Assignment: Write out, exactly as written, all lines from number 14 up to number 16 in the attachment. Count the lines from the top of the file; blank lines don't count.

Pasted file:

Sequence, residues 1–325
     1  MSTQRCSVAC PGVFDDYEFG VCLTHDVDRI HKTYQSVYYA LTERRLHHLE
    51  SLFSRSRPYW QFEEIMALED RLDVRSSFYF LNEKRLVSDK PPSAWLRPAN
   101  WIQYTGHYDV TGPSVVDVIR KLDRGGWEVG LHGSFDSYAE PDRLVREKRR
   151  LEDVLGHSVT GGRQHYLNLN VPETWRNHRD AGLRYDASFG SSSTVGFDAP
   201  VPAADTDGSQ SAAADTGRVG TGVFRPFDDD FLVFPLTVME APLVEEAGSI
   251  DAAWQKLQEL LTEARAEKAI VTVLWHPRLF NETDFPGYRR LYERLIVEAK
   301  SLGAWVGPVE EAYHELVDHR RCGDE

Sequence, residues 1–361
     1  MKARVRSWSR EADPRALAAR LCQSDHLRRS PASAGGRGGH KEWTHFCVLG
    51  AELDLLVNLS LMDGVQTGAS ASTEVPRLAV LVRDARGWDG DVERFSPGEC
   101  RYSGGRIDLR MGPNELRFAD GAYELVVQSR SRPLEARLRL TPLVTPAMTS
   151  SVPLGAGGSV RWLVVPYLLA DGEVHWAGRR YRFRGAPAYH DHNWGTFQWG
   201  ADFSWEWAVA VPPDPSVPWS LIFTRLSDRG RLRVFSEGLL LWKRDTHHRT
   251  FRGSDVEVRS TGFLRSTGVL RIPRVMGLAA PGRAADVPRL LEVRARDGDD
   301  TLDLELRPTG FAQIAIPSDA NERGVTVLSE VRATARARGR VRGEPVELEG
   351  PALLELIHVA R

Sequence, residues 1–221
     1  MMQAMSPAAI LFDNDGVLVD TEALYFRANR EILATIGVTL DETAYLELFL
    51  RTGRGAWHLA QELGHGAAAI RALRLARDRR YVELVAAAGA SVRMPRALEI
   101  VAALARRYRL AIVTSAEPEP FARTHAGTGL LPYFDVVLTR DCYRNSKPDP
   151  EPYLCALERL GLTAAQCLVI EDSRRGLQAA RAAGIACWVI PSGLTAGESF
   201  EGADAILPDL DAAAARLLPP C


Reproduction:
   201  ADFSWEWAVA VPPDPSVPWS LIFTRLSDRG RLRVFSEGLL LWKRDTHHRT
   251  FRGSDVEVRS TGFLRSTGVL RIPRVMGLAA PGRAADVPRL LEVRARDGDD
   301  TLDLELRPTG FAQIAIPSDA NERGVTVLSE VRATARARGR VRGEPVELEG